It’s a short-term, long-term story
With all the talk about rising global competition, farmers might be concerned about where U.S. ag ranks. Experts say there’s no need to worry for now; the U.S. remains a leader.
"The U.S., specifically the Corn Belt, is uniquely blessed with a great climate, adequate moisture and great soil," says Bob Thompson, a senior fellow with the Chicago Council on Global Affairs and professor emeritus at the University of Illinois at Urbana-Champaign. "Couple our natural resources with the nation’s infrastructure and investments, and it’s clear: the U.S. still has an advantage."
"In the longer run,
countries are trying to
achieve a greater degree
South America still has a way to go. "Their rivers rise and flow upward, so they can’t use water as efficiently," Thompson says. "Their rail system is antiquated. A truck might have to drive 1,000 miles on dirt roads to get grain to a port."
Brazil has compensated for its infrastructure deficiency by investing in research. It plants soybeans from horizon to horizon, and its yields are similar to U.S. yields.
"The U.S. cut back research when Brazil was ramping up," Thompson says. "China’s public sector is investing about $3 billion in ag biotech research." Critical of lagging public sector investment in the U.S., Thompson says we’re still at the front but are slowly sliding back.
A Changing World. In the long run, he says, it doesn’t matter because world demand for ag commodities will grow between 80% and 100% during the next 40 years. Demand is going to outrun supply.
India’s population will reach 350 million by midcentury, more than China’s. This won’t result in as large an increase in meat consumption as in China, but it could have a bigger impact on the grain economy.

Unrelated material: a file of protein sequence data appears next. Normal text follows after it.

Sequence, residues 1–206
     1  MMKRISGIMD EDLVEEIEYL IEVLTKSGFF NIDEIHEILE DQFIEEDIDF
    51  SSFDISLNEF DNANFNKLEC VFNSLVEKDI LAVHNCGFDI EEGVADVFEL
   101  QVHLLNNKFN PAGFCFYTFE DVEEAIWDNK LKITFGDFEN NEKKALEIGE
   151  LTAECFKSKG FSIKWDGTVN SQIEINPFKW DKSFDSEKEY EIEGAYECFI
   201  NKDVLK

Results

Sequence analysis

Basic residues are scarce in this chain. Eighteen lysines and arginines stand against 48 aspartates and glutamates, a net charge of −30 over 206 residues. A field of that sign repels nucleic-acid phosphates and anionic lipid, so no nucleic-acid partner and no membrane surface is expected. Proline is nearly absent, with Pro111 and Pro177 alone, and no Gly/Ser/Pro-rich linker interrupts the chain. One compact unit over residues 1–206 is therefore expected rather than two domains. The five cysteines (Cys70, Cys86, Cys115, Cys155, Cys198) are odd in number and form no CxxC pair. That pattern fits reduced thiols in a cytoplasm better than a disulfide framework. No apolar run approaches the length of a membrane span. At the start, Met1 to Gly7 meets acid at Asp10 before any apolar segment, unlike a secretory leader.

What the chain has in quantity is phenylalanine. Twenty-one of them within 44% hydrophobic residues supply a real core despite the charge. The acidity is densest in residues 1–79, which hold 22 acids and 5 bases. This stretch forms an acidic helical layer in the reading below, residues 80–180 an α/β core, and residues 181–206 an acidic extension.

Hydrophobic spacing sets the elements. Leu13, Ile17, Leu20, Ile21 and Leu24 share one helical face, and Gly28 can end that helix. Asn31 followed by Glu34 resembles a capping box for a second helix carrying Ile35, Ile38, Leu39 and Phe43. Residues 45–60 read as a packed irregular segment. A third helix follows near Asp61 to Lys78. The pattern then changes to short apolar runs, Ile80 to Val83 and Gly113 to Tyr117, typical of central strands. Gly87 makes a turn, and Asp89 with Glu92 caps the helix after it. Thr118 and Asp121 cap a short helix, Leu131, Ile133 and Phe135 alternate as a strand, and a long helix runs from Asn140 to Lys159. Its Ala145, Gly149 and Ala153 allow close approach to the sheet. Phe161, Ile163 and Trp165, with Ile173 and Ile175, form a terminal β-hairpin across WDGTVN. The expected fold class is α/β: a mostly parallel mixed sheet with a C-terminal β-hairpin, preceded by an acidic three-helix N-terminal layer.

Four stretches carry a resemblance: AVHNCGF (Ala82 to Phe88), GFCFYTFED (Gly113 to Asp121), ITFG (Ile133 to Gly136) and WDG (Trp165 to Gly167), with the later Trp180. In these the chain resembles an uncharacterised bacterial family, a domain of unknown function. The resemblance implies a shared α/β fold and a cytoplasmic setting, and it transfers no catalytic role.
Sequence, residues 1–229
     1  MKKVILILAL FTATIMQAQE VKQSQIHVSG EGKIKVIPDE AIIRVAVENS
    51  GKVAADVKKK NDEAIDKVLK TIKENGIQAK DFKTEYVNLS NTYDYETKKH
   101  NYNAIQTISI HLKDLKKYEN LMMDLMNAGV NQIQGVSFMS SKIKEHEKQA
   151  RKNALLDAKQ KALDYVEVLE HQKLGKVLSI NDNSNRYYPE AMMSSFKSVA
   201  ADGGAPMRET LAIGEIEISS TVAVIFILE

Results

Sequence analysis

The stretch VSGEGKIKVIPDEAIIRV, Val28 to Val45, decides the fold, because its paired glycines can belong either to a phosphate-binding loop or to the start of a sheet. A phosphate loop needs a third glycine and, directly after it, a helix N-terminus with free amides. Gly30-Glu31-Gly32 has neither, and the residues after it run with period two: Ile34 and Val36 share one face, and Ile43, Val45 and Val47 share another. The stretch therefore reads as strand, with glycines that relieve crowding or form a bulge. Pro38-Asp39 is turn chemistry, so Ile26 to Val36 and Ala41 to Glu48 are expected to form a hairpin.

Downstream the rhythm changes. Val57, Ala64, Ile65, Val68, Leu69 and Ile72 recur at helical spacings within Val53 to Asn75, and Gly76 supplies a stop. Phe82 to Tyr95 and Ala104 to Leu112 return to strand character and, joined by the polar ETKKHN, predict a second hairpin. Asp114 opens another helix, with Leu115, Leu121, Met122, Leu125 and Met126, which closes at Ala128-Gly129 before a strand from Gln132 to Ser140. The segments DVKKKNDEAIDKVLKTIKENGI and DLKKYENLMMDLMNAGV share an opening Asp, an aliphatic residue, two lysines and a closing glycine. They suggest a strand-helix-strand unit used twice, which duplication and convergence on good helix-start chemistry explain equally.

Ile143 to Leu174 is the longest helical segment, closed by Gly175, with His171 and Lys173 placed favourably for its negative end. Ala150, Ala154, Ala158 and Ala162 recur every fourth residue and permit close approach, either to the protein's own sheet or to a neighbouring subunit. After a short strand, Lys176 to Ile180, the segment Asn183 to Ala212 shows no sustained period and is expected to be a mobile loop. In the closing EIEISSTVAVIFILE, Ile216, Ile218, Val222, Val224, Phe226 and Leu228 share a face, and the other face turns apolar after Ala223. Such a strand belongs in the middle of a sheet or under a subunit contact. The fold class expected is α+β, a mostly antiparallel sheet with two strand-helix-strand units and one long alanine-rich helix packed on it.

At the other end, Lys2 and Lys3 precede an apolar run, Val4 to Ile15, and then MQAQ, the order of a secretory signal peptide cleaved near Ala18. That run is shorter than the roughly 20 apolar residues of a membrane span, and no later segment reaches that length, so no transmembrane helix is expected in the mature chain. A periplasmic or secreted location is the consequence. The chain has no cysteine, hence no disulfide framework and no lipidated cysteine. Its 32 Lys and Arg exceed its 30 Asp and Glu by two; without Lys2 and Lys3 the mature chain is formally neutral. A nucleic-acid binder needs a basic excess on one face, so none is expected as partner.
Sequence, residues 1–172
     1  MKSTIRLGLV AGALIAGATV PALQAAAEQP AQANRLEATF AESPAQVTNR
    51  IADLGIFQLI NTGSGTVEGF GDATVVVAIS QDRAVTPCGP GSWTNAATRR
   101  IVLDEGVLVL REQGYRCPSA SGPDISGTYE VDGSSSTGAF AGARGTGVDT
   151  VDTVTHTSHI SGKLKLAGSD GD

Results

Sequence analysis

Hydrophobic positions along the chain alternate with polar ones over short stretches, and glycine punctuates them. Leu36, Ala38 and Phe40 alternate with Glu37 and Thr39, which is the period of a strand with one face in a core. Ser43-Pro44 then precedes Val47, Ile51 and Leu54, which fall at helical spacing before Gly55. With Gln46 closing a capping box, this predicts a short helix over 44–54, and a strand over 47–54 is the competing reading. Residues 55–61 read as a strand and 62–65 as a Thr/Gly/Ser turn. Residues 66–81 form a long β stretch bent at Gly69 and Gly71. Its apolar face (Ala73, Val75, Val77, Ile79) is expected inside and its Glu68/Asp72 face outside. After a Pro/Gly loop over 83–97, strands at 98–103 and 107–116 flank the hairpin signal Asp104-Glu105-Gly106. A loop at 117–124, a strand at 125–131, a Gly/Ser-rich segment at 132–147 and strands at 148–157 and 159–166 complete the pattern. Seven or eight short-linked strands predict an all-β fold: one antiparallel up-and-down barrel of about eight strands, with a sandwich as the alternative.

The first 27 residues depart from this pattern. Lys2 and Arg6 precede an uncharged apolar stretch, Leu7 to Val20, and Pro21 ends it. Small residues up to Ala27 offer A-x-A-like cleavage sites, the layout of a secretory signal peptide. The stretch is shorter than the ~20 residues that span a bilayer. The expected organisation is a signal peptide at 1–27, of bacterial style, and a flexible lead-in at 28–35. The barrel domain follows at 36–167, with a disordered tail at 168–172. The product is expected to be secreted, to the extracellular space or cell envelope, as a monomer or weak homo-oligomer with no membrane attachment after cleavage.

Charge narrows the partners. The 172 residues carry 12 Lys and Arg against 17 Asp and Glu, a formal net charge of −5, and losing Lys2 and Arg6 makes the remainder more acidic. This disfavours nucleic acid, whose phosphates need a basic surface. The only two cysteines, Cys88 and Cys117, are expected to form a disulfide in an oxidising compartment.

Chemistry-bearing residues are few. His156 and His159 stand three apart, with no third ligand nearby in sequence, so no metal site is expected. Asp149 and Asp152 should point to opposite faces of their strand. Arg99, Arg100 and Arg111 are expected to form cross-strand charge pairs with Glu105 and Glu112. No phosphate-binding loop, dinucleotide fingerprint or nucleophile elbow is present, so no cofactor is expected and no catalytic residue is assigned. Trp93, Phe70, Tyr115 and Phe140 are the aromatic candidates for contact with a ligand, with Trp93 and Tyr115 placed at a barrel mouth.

Despite Ukraine and Russia having some of the best soils, Thompson is not concerned. "They lag in yield and infrastructure, and have been slow to adapt," he says. If he were to be concerned, he adds, it would be with sub-Saharan Africa.
"Their geographic location alone allows them to do in the next 25 years what Brazil did in the last 25 years," he says. "They have just as much potential as Brazil did in soybeans, but they have a lot of problems. Just as in Brazil, production costs will be higher, but if they can overcome the government, there’s no reason they can’t come on like Brazil did."
Unlike Thompson, Phil Abbott, a Purdue University agricultural economist, is concerned about demand destruction for the short term. He explains that China’s pork consumption has increased. The Chinese are growing most of their own corn and importing soybeans. The U.S. share of soybeans is decreasing as China buys more from Brazil and Argentina.
Land allocation is a large part of the equation. "In the U.S., there’s been a reshuffling of land to sell more soybeans to China and burn more corn for ethanol," Abbott says. "When prices spiked in 2008, there was virtually no reduction of purchases by many importers. In the short run, countries will not compromise their food security. In the longer run, those countries are trying to achieve a greater degree of self-sufficiency. "
Prior to 2008, Abbott says, the U.S. accounted for more than half of the world’s total corn imports. Since then, Brazil and Argentina have emerged as export players. "We’ve had three bad years in a row and we’ve cut our herds down to decrease grain consumption," he says. "What share of rationing is going to happen with exports? We’ll lose some of those markets to other countries."